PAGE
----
UA team to construct prototype transformer

by Jeff Della Rosa ([email protected]) 899 views 

NextWatt LLC of Chicago, a power electronics technology company, is working to design and build a next-generation power substation, and faculty and staff at the University of Arkansas will build transformers for the project.

Faculty and staff of the University of Arkansas and its National Center for Reliable Electric Power Transmission at the Arkansas Research & Technology Park in south Fayetteville are working with Chicago-based NextWatt LLC to design and build the next generation of utility substation transformers.

The U.S. Department of Energy recently announced NextWatt, a power electronics technology company, would receive a $1.5 million research and development grant, and the UA was named as one of the partners in the $1.87 million project to design, build and test a modular, low-cost high-frequency-link silicon carbide transformer. The design for a 100-megavolt amp, 115-kilovolt high-frequency-link large power transformer would include energy-conversion efficiency of 99%, reduce the volume and weight in regard to traditional low-frequency large power transformers, and a 50% decrease in the number of devices related to state-of-the-art solid-state transformers.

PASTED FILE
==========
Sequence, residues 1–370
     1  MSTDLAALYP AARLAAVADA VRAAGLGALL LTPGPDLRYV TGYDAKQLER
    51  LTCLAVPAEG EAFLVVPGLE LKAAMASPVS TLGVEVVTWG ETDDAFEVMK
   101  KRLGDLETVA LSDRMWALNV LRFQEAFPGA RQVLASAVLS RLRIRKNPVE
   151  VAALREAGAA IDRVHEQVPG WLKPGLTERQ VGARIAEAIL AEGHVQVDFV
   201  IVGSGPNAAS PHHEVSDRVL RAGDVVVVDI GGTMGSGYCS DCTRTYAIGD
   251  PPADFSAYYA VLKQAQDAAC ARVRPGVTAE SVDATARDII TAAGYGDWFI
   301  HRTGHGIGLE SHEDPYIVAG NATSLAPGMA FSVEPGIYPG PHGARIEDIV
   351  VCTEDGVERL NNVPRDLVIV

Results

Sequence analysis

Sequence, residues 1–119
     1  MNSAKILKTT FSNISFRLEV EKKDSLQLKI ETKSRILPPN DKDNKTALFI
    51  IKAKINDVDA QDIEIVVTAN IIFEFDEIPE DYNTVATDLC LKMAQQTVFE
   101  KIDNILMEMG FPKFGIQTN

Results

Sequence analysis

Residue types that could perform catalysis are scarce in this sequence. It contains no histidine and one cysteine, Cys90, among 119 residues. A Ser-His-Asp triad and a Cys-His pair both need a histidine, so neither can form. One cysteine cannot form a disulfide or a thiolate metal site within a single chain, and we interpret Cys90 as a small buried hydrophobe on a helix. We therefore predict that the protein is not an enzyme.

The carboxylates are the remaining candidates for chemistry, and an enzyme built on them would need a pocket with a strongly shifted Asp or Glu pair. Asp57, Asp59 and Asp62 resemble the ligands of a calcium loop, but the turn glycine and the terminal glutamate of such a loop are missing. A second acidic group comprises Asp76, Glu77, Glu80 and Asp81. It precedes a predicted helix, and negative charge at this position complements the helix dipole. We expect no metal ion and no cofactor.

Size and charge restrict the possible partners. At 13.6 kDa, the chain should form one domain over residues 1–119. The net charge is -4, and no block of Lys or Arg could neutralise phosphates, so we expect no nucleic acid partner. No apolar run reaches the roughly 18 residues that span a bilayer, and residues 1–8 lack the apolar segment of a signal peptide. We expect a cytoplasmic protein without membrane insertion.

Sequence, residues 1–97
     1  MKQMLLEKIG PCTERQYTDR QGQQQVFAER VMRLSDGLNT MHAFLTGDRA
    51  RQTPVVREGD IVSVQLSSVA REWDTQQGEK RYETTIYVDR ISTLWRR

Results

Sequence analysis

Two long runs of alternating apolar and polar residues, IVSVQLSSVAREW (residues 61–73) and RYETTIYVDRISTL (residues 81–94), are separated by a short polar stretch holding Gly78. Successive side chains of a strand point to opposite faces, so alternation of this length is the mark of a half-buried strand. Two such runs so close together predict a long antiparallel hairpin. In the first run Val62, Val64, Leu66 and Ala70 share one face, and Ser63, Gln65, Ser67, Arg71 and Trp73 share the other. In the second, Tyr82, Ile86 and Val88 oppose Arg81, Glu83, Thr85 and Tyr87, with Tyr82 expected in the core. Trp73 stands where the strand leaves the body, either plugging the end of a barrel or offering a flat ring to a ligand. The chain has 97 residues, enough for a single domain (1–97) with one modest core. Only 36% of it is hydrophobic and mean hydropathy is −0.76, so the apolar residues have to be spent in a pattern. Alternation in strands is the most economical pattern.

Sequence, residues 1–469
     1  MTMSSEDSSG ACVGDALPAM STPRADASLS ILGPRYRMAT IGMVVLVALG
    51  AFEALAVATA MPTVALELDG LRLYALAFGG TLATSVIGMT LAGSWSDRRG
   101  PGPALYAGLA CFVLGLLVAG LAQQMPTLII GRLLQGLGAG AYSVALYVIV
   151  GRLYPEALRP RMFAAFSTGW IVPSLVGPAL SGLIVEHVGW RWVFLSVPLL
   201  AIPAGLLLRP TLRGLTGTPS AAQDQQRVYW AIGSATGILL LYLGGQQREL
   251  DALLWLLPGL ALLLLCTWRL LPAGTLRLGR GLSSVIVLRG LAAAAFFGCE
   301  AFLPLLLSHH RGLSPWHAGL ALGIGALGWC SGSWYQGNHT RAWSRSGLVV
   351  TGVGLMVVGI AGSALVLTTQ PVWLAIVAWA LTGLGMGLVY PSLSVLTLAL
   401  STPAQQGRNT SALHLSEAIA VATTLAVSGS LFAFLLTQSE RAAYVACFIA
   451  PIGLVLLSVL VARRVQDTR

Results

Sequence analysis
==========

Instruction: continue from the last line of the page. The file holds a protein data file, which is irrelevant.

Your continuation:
Juan Carlos Balda, head of the department of electrical engineering at the University of Arkansas, is one of at least a team of four at the UA who are working on the project.

“The main idea of the Department of Energy is to decrease the time that it takes to bring back the electricity to an area after a natural disaster. Could be a tornado. Could be a hurricane,” Balda said.

The first phase of the project was completed in December 2017 after about one year, and it was approved earlier this year. Work included a paper design and a low-power prototype.

The second phase is expected to be completed over two years, once work starts, which could be sometime in early 2019. The Department of Energy and NextWatt are negotiating the contract terms, and the work would include building a full-size prototype, including 12 transformers and 12 inductors, Balda said.

Along with the UA, other project partners include Silicon Power Corp., University of Illinois at Chicago, Arkansas Electric Cooperative Corp. and Con Edison.